Even after Probst explained the "reasoning" to Dalton Ross, we're still struggling to understand how having duels is better than having tribal reward challenges. Okay, yes, Survivor will get the drama (at least temporarily, at most nine times) of loved one battling loved one each week. But getting sent to Exile Island is not the same as having your game end when you lose the duel. So ultimately, there is far less at stake here than, say, in BvsW's Candice vs. John (vs. another person), or Aras vs. Vytas (also vs. another person), or Tina vs. Katie. Lower stakes mean less drama. Perhaps more damningly, because they're forcing one partner to duel another, there will be sixteen people sitting out, none of whom particularly care who wins. It's really just a smaller-scale Reward Challenge, but with a massive number of sit-outs. Yes, keeping it in
Redemption "Exile" Arena preserves the potential drama of people yelling at the tribe that recently voted out their loved one. But that also could have happened when the losing tribe marched into a plain old reward challenge. You know, the old familiar "Getting your first look at the new [past episode's IC-losing] tribe. [Bootee] voted out at the last Tribal Council."
As far as we can tell, the only real reason we have duels this season is because Redemption Arena had already been built, and production felt the need to use it, even though they didn't have to. (Probably also because they didn't have regular tribal reward challenges planned.) So while it's interesting, and somewhat laudable, that Probst & Co. are forcing the contestants to adjust, on the fly, when they discover Redemption Island is no longer in play, that adjustment will probably take all of about three seconds, and we the audience will be left with 6+ episodes of rinky-dink, not-quite-challenges. Which, through the magic of editing, we will hopefully find less dull to watch than will the assembled tribes.
We know, it's not really all that terrible. But wait, it could get even worse. How? If they extend the duels-instead-of-RCs "feature" after the merge, just because they were initially planning to do that for Redemption Island, too. Please, please, no.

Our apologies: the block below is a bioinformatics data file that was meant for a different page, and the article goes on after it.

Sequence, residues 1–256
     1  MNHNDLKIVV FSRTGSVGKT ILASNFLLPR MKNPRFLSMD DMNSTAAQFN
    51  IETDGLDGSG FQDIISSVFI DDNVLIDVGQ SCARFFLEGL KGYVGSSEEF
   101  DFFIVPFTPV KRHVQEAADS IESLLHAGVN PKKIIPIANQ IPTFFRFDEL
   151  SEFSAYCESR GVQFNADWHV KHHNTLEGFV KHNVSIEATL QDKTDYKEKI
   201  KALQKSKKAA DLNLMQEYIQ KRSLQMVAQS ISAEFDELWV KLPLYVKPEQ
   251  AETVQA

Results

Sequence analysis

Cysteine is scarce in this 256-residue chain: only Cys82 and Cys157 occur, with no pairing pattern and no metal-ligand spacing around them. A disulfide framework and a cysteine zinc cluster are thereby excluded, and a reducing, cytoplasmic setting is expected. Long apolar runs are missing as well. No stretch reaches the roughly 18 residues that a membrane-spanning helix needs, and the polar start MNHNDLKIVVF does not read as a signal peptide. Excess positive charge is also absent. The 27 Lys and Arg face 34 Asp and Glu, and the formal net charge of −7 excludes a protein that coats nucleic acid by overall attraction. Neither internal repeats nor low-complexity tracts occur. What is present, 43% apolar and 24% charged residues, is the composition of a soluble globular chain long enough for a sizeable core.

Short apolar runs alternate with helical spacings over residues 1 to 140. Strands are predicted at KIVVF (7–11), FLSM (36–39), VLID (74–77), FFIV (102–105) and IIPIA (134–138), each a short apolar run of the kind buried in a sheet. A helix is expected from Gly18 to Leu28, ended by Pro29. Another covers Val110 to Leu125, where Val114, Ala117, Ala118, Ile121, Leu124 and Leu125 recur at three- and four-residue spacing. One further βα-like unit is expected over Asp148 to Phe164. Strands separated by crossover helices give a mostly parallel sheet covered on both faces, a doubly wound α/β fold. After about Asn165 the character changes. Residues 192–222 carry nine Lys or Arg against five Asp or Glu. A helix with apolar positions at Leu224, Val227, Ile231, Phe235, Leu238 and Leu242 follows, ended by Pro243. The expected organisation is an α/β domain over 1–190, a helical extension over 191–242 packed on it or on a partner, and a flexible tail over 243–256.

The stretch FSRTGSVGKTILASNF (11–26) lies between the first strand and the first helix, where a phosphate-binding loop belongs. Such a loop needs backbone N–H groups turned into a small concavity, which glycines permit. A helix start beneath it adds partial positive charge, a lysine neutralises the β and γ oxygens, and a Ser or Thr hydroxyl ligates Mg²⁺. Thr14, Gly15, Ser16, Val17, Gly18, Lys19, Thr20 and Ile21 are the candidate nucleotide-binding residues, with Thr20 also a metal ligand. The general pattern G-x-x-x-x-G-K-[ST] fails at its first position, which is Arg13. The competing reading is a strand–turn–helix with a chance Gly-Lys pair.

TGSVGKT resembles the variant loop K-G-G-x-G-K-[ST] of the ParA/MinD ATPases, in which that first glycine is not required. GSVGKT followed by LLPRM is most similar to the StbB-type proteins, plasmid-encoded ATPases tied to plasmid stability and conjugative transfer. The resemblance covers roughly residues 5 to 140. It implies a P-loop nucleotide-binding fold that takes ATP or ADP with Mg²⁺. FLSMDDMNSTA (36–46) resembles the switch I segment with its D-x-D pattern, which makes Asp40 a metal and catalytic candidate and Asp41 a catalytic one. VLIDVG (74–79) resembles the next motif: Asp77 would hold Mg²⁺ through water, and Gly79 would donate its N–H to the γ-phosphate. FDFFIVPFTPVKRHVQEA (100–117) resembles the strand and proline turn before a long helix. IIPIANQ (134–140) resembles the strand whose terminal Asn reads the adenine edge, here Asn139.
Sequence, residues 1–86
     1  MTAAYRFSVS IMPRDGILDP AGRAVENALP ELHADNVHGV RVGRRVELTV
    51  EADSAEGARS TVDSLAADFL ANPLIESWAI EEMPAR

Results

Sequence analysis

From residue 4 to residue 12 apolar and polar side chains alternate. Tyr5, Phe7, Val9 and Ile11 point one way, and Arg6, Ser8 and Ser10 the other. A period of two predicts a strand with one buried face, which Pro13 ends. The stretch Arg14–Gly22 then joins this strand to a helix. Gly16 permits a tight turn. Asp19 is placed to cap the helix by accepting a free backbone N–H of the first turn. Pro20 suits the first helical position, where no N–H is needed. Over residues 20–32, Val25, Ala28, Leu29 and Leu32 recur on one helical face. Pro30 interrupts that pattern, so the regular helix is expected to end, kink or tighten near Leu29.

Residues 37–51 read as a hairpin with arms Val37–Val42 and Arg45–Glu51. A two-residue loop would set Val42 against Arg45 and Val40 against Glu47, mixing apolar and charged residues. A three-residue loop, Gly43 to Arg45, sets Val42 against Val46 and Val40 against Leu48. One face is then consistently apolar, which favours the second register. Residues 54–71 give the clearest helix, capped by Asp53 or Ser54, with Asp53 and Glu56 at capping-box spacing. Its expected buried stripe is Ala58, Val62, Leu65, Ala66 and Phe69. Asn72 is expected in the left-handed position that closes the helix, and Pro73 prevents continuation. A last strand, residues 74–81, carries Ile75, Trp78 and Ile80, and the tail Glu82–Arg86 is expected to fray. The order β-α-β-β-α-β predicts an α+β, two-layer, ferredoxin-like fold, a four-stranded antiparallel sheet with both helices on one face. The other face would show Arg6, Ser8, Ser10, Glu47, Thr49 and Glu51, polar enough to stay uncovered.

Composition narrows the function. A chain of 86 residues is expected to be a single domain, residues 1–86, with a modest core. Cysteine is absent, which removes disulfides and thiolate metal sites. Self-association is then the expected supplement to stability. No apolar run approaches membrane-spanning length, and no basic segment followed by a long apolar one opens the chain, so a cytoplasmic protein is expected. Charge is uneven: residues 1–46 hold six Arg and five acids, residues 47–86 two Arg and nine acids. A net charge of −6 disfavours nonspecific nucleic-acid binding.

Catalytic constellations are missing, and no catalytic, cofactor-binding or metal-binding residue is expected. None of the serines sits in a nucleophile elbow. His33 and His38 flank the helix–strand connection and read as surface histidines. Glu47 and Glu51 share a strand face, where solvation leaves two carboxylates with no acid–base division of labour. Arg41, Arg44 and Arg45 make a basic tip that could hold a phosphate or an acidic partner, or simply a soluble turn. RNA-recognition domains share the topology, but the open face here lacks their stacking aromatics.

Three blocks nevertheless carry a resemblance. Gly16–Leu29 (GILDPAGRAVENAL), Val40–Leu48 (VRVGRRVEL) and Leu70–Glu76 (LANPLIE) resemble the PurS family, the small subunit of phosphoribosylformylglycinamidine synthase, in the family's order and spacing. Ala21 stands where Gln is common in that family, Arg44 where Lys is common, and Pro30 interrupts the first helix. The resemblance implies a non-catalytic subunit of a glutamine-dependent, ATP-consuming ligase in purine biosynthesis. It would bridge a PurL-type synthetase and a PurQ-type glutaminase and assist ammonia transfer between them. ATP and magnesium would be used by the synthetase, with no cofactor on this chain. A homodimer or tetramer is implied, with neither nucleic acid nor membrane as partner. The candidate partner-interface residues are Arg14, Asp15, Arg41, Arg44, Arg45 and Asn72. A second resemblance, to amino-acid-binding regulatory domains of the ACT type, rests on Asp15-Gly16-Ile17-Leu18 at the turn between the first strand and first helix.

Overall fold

Exile Island: Oh God, no
As underwhelmed as we are at the prospect of absolutely unnecessary duels, we are absolutely aghast at the decision to resurrect the previously dead-and-buried Exile Island twist. That was the dragon that Coach slew! Eleven seasons ago!
Why is Exile Island so bad? Because it's a massive waste of time, and every ounce of possible benefit has already been wrung from it, several times over. Spanning the six seasons in which it was previously used, every possible permutation of "Exile Island scene" has already been filmed and aired. 90% of these are the exiled person(s) feeling miserable (or downcast, or unhappy, or on a rare occasion, morose). And before a glimmer of hope arises: nope, this season there won't be any scenes of the exilees bucking up, taking power into their own hands, and following the trail of treasure hunt clues to the hidden idol (or even the fake hidden idol), because this season the idols are back at camp (and probably not even hidden all that well). The only possible plus, then, is the prospect of an eleven-seasons-too-late payoff to the much-ballyhooed "cross-tribe Exile alliance" that Tocantins promised, but never delivered. And given how rapidly that evaporated at the Tocantins merge, we're not hopeful.
To be fair, Exile Island interferes with the structure of the show far less than Redemption Island did. It's definitely an improvement there. Blindside are actually blindsides again, drawing rocks really can end your game. Exile Island's chief sin is that it interferes with the gameplay of the people sent there, especially (as shown in that EW video) when people are sent there in the first episode. One unlucky exilee will get a buff, then immediately lose a duel (or just watch it), get exiled, return to their never-met tribe, promptly then lose an IC, then have a few hours in which to scramble to save themselves, among people to whom they've never previously talked. That is tremendously unfair, especially because it's completely unnecessary. (We partially say this because the EW video shows that one of the people this could happen to is also one of the very few capable-seeming contestants on this season, and losing that person this early under such ridiculous circumstances would be an absolute tragedy.)
Look, Survivor, we know you paid people to scout out a remote island filming location for Redemption Island, probably built a shelter there, and hired additional transportation and film crews to shuttle contestants there and film them every two-to-three days. We get that. We also get that costs have already been incurred. But just because you've made the correct decision and opted not to send your freight train to its intended Redemption Island destination, it doesn't mean your only option is to jump off and throw the switch, sending the now unmanned locomotive hurtling along a parallel but also unnecessary track. It's okay to just hit the brakes. Really. Or at least it would have been three months ago, when you filmed this. Oh well.
Pre-season SJdS news and commentary